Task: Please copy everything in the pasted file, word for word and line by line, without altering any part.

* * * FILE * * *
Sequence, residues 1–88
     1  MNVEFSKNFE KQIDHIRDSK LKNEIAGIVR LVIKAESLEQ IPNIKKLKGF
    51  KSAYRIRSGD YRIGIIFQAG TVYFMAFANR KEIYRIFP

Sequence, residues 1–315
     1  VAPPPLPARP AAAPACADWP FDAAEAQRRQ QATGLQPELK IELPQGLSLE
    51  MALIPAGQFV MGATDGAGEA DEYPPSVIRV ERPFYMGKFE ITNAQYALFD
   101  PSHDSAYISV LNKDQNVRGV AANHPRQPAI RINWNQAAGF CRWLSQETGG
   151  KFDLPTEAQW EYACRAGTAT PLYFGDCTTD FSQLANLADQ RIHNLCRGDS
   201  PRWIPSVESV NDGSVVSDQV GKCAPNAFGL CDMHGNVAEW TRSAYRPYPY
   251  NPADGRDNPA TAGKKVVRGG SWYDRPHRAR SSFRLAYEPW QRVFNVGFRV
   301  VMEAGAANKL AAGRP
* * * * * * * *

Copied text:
Sequence, residues 1–88
     1  MNVEFSKNFE KQIDHIRDSK LKNEIAGIVR LVIKAESLEQ IPNIKKLKGF
    51  KSAYRIRSGD YRIGIIFQAG TVYFMAFANR KEIYRIFP

Sequence, residues 1–315
     1  VAPPPLPARP AAAPACADWP FDAAEAQRRQ QATGLQPELK IELPQGLSLE
    51  MALIPAGQFV MGATDGAGEA DEYPPSVIRV ERPFYMGKFE ITNAQYALFD
   101  PSHDSAYISV LNKDQNVRGV AANHPRQPAI RINWNQAAGF CRWLSQETGG
   151  KFDLPTEAQW EYACRAGTAT PLYFGDCTTD FSQLANLADQ RIHNLCRGDS
   201  PRWIPSVESV NDGSVVSDQV GKCAPNAFGL CDMHGNVAEW TRSAYRPYPY
   251  NPADGRDNPA TAGKKVVRGG SWYDRPHRAR SSFRLAYEPW QRVFNVGFRV
   301  VMEAGAANKL AAGRP